Tourists visiting Goa by the jeep-load and using it as their own, personal campsite, are quite possibly the worst kind of tourists that the state attracts. It is precisely these kinds that give tourism in the state an extremely bad reputation. This also leaves the paying tourists with a bad taste in the mouth when speaking of holidaying in Goa and recommending it to their friends and relatives as a premier destination.
Is Goa now a campsite?
In the past couple of months, various articles have come out stating that cooking in the open is banned or will be. According to the Tourism Minister, Manohar Ajgaonkar, “Cooking in the open by groups of tourists is an eyesore. It creates disturbance and garbage which is left unattended. We have instructed police to crack down on groups of tourists who travel by buses and cooking gear and then cook in the open for their meals.”
According to the article in The Free Press Journal, the Goa Government aims to amend an existing law to make cooking in public places by tourists, a nuisance. According to the CM of Goa, Manohar Parrikar, the government will designate certain places where tourists, who usually arrive in groups, can cook and eat. He said the government would set up special squads by January 2018 to keep an eye on tourists who cook in public.
Tourists camping and cooking in public are a nuisance
It’s all very well that the government has these plans but why are they starting in January 2018? What happens to the end of December which when Goa possibly has the most number of tourists?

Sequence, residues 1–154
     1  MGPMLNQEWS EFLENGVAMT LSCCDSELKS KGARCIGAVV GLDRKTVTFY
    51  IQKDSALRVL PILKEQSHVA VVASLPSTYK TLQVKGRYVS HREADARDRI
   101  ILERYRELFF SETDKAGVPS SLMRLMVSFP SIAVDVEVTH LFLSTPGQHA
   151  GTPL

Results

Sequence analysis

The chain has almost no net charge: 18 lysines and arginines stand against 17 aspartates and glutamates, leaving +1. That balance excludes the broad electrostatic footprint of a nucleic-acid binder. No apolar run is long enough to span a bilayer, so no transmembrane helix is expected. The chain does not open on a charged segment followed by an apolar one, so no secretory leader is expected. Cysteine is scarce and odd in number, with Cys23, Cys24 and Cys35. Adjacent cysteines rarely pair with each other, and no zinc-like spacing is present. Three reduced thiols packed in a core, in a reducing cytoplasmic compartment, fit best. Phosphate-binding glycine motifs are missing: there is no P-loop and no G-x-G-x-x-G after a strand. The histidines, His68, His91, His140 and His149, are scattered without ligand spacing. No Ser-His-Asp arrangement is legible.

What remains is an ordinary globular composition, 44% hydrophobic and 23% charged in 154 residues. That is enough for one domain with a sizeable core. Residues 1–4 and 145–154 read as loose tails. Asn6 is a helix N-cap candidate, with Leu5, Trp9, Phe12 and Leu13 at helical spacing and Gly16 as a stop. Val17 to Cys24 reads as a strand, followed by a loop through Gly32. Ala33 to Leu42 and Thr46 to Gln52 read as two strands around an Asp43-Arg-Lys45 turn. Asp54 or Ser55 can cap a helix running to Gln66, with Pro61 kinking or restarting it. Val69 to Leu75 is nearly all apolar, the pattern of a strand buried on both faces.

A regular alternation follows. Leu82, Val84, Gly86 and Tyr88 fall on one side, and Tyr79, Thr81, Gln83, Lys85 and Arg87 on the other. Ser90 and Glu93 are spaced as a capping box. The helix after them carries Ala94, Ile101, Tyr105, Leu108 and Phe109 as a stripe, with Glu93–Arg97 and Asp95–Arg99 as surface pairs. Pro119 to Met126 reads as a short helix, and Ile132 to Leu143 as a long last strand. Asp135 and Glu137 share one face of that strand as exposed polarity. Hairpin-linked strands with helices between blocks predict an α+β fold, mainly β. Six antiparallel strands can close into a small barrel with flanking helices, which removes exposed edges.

Much of the Calangute-Candolim tourist hub has turned into one giant open-air camp this season. Low-budget domestic tourists, armed with cylinders and stoves, merrily camp on random roadsides and begin their culinary adventures even as the authorities concerned turn a blind eye.
Some time ago, Mr Parrikar is said to have visited Calangute to inspect the ‘camping’ sites, proposed on Calangute Comunidade land.
But according to the locals, there are “no camping facilities are being provided where one can cook. Open spaces in Calangute-Candolim and Baga are occupied by tourists to camp.”
A large number of tourists who arrive in buses camp in the fields in front of Calangute church. Since the buses are not allowed inside Calangute, the tourists proceed to cook their food in the fields.
Calangute Comunidade attorney Anthony Dsouza told TOI the time was too short to arrange ‘camping’ facilities.
“But this cooking on the roads should be stopped as it is creating a public nuisance,” he said. “Also, they’re bringing gas cylinders, which is an offence as you cannot carry such cylinders from one state to another.”
Camp-site building is happening all over the place
This campsite trend that has been picked up by the tourists isn’t just happening in the Calangute and Candolim areas. It’s a common sight in the heart of the state capital, Panaji as well. Recently, a picture was shared of clothes hung on wires along the promenade that runs from the ferry point up to Miramar.
Locals speaking to TOI, said that the government definitely needs to solve the problem and earmark proper ‘campsites’ before the start of next season.
If this isn’t done, Goa will go even further down than it already seems to going. As it is, the state already seems to be turning expensive with both local joints and high-end restaurants as well as hotels increasing their rates.